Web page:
Wednesday, March 26, 2008

The Thrills of Owning a Chicken Ranch

One hundred years ago today, Vashon Island's own Betty MacDonald was born. The author of The Egg & I, Mrs. Piggle-Wiggle, and many other books, MacDonald garnered a worldwide following and still has millions of fans today.

Why do I care? Number one, if you can't celebrate your local heroes, what the F can you do? Number two, my grandfather Don Woodfin had a chicken farm in Lisabeula (an area on Vashon) in the 1940s and '50s, and was a good friend of Betty and her family. He built them a barn, chicken coup, and caretaker house, all of which are now recognized National Historical Landmarks. Don was immortalized as "the unforgettable Marine" in Betty's book Onions in the Stew, her story of life on Vashon. After 9/11, many members of the international Betty MacDonald Fan Club e-mailed me to offer their best wishes and let us know that they were thinking of us, all because he had built her barn. It was really nice.


c. canoe said...

holy cow! you blew my mind with this news!!

they are wilding out on vashon for betty. when you and emily get back to the 206, i'd love to have dinner with you all on the rock at gusto girls.

Lee said...

So in my early years growing up on a Chicken Farm on Vashon with my parents and brother and sister, we heard many stories about Betty MacD from our Dad 'the unforgettable marine'. Of course, he was one who always liked telling a good story & had a dirty joke for every topic you can imagine. As kids, and later as devoted fans of the 'Ma & Pa Kettle' movies, we were convinced that movie family was based on our neighbors on the adjoining farm to ours. Small farmers on Vashon all had 20-40 acre tracks then so it was kids and animals roam free, with lots of chores thrown in. Our neighbors had a great big ol' farm house and so many kids, along with many foster temporary adopted kids they took in, that it was always in some funny stage of mayhem just like the Kettles. We used to run across the fields to their house 'minding to stay away from the abandoned wells' and play house under a large stand of fir trees, with old pieces of throwaway furniture and dishes and we'd sweep the dirt floor and pretend away - everyone had a part to play; or we'd play in the barn and swing from the second level on a rope. Then everyone would be called in for chores, some would bring wood in for the wood stove they cooked on (even then it seemed old-fashioned) and we all took turns doing dishes standing on a chair at the sink if you weren't tall enough (a good custom I passed onto Strath & Sky); even though they had a very long table in the kitchen,there were still too many people, so we had to cook and eat in shifts, and of course there were the loose farm animals that would walk in whenever they felt like it, pigs, goats, chickens, dogs, cats...scurrying about underfoot until they got shooed out. When the week was done, everyone had to take a bath on Saturday night to be all spiffy for sunday school the next day. To conserve on well water, the oldest kids got first dibs on the first bathwater and by the time it got down to the younger kids, 2 or 3 would be plunked in at the same time and bathe in the same water as 3 or 4 others had. Then we all had to go to bed upstairs, 2-3 per bed & a chamberpot in the hall if you couldn't hold it through the night. It was so much fun - everyday was an adventure at that house. It wasn't until I was an adult that I learned our neighbors probably were not the family Betty MacDonald wrote about in her books (I was told the real family lived near Port Orchard and ended up trying to sue her for her portrayal of them) but that doesn't daunt my memory or convince me (the kid)otherwise. We were very fortunate to have a father who continued to include us and later, his grandchildren, in many of his crazy adventures throughout the years, telling us his own life stories, & teaching us that friendliness, hard work, creative & smart thinking were paths to learning & self-esteem. Strath and I visited the barn that Don Woodfin built single-handedly for Betty MacD and it is indeed was the time.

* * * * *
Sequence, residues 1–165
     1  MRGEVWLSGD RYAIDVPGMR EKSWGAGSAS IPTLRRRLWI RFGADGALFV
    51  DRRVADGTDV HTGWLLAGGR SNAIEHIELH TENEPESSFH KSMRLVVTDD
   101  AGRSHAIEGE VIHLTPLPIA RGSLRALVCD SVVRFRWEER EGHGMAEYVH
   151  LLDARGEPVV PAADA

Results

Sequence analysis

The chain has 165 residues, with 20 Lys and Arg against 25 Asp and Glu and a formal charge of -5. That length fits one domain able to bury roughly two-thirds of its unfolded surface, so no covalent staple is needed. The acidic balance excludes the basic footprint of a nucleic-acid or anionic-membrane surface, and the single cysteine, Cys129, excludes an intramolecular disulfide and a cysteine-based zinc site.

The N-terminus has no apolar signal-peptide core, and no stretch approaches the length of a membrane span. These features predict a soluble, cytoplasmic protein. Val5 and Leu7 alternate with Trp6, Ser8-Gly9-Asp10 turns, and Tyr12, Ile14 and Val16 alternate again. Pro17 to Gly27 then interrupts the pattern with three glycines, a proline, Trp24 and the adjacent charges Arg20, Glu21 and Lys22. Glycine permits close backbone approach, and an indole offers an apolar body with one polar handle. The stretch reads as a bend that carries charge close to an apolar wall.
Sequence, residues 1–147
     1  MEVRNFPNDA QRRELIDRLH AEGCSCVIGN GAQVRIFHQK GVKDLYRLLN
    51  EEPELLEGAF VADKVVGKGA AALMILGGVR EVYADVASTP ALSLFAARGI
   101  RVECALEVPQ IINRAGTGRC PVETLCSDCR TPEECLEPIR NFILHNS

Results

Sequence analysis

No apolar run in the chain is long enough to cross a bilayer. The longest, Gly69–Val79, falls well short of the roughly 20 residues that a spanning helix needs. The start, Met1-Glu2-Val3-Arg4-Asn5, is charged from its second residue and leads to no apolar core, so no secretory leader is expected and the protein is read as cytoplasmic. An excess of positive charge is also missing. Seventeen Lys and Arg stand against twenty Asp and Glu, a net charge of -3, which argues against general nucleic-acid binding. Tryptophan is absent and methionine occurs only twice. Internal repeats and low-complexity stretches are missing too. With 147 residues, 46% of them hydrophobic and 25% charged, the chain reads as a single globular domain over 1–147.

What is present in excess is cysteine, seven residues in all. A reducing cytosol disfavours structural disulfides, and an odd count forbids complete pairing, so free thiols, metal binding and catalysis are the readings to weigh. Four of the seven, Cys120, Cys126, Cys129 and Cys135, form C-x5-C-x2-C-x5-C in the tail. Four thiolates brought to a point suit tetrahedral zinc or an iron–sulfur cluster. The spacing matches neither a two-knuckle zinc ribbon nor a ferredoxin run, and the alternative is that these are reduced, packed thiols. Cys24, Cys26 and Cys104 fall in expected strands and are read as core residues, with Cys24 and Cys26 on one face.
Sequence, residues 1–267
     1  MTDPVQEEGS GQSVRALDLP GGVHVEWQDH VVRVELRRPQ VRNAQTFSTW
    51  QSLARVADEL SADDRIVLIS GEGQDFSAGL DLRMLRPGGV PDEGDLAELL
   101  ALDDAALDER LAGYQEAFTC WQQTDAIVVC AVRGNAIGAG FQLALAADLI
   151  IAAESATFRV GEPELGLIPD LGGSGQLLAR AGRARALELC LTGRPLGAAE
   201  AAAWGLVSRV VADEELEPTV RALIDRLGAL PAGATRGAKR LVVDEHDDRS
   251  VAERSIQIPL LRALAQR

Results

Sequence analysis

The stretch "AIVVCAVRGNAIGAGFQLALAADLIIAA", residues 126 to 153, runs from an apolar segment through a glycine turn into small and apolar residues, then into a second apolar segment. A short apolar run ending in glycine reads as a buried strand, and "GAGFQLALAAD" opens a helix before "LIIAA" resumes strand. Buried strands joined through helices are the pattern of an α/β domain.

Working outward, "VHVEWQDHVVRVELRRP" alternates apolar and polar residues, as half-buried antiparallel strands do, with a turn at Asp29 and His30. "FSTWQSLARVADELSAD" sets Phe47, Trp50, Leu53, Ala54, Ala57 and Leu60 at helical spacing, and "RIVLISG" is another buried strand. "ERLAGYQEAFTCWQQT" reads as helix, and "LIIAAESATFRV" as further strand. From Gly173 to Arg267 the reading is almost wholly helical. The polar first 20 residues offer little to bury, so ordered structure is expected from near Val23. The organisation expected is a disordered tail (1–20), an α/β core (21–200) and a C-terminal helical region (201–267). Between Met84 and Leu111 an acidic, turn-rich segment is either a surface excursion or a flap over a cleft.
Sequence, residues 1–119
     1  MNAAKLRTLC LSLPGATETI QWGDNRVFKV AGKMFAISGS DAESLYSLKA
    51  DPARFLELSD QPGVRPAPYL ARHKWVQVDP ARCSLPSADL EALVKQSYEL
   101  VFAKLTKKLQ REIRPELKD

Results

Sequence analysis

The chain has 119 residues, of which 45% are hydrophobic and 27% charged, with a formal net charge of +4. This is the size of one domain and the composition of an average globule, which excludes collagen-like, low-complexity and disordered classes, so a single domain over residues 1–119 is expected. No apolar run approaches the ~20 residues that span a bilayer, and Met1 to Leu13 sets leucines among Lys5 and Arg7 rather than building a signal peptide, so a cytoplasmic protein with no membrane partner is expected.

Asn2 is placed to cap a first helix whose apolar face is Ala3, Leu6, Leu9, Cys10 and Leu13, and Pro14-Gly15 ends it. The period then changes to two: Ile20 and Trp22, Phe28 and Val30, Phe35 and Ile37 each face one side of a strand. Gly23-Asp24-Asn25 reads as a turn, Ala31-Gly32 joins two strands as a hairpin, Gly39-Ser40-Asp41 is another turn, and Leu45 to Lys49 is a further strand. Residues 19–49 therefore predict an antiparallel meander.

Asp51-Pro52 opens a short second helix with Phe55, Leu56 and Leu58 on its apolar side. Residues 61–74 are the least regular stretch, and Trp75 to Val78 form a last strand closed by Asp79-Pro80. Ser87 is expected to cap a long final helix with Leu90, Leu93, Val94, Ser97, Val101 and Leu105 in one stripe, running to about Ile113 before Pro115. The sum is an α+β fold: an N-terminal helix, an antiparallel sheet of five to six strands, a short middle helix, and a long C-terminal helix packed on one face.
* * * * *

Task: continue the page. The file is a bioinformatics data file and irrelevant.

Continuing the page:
Betty MacDonald Society said...

Don Woodfin was such a fascinating personality.
He supported Betty MacDonald Fan Club with his unique memories and we are so grateful. It was such a pleasure to meet this wonderful storyteller. No wonder - Betty MacDonald and her husband Don liked him so much. We also did.
We are really very, very sad to hear he passed away. We'll never forget him.
Thanks a Million, dear Don!